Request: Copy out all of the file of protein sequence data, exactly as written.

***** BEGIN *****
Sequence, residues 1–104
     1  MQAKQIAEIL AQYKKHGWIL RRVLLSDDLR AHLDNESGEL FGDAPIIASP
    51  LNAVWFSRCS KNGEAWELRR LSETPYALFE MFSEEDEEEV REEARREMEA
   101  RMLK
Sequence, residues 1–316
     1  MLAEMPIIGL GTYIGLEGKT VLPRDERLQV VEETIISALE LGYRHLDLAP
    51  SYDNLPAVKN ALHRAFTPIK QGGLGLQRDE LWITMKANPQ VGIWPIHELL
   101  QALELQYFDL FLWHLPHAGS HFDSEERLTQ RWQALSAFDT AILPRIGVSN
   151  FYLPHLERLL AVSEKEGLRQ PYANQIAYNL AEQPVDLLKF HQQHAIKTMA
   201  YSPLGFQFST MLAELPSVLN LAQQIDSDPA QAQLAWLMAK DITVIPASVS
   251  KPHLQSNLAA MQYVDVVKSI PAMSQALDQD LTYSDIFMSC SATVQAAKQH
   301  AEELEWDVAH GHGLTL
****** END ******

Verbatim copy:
Sequence, residues 1–104
     1  MQAKQIAEIL AQYKKHGWIL RRVLLSDDLR AHLDNESGEL FGDAPIIASP
    51  LNAVWFSRCS KNGEAWELRR LSETPYALFE MFSEEDEEEV REEARREMEA
   101  RMLK
Sequence, residues 1–316
     1  MLAEMPIIGL GTYIGLEGKT VLPRDERLQV VEETIISALE LGYRHLDLAP
    51  SYDNLPAVKN ALHRAFTPIK QGGLGLQRDE LWITMKANPQ VGIWPIHELL
   101  QALELQYFDL FLWHLPHAGS HFDSEERLTQ RWQALSAFDT AILPRIGVSN
   151  FYLPHLERLL AVSEKEGLRQ PYANQIAYNL AEQPVDLLKF HQQHAIKTMA
   201  YSPLGFQFST MLAELPSVLN LAQQIDSDPA QAQLAWLMAK DITVIPASVS
   251  KPHLQSNLAA MQYVDVVKSI PAMSQALDQD LTYSDIFMSC SATVQAAKQH
   301  AEELEWDVAH GHGLTL